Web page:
Drew Barrymore says she felt ‘gaslit’ after working with Woody Allen

·2-min read
Drew Barrymore speaking on her chat show (YouTube)
Drew Barrymore speaking on her chat show (YouTube)

Drew Barrymore has told Dylan Farrow that she regrets working with her adoptive father, Woody Allen, following the release of HBO documentary Allen v Farrow.

Farrow appeared for an interview on Barrymore’s talk show, where the actor and director opened up about working with Allen.

“I worked with Woody Allen. I did a film with him in 1996 called, Everyone Says I Love You, and there was no higher career calling card than to work with Woody Allen,” she said.

“Then I had children, and it changed me because I realised that I was one of the people who was basically gaslit into not looking at a narrative beyond what I was being told. And I see what is happening in the industry now and that is because of you making that brave choice. So thank you for that.”

Barrymore is the latest star to publicly state her regret over working with Allen, due to the allegations Farrow made against him, that he molested her when she was a child.

Allen has always vehemently denied the allegations.

Farrow, who first made the allegation when she was seven years old, resurfaced her claim in 2018, shortly after the emergence of the #MeToo movement.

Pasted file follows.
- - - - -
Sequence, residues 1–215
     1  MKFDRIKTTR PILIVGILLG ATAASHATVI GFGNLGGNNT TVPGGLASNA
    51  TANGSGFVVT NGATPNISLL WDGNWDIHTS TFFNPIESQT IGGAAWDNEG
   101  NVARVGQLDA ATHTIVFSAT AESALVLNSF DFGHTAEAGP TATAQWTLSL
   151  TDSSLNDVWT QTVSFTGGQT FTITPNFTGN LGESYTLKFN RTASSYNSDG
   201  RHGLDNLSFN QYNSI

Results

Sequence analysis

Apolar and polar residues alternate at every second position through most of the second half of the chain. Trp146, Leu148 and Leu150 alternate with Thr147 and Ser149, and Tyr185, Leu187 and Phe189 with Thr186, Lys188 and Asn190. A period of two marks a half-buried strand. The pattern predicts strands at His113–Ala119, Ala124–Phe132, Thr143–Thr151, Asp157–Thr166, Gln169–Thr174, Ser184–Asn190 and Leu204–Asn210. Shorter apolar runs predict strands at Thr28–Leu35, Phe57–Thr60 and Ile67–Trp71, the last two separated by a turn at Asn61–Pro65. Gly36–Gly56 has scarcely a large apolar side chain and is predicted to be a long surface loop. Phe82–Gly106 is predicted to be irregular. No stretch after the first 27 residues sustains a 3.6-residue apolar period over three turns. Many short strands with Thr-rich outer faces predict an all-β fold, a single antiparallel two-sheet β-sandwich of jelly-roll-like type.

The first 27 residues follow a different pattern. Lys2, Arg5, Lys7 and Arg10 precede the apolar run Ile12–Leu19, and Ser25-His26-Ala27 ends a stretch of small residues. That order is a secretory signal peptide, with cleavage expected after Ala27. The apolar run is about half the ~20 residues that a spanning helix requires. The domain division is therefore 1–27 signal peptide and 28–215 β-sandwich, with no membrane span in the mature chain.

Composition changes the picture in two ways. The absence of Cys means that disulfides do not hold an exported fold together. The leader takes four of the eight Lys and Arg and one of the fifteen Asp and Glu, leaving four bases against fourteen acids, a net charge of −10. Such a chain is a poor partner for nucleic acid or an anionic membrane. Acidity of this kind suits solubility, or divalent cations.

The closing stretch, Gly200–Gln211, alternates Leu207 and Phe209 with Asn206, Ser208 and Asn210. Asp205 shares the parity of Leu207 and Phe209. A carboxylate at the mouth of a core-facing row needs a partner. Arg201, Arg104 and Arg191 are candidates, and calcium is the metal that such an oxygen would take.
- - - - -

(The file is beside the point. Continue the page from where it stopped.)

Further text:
Since then, actors including Kate Winslet, Hayley Atwell, Rebecca Hall, Timothée Chalamet and Colin Firth have distanced themselves from Allen after working with him in the past.

Getty Images
Getty Images

“Hearing what you just said, I am trying not to cry right now,” Farrow told Barrymore.

“It is just so meaningful because it’s easy for me to say, ‘Of course you shouldn’t work with him; he’s a jerk, he’s a monster,’ but I just find it incredibly brave and incredibly generous that you would say to me that my story and what I went through was important enough to you to reconsider that.”

In February this year, Allen condemned HBO’s documentary and called it “a hatchet job riddled with falsehoods”.

Read More

The Independent visits Heathrow ahead of international travel restarting

Philip Roth biography gets new publisher amid sexual assault allegations against author

My, my! How Napoleon Bonaparte is still influencing pop culture 200 years after his death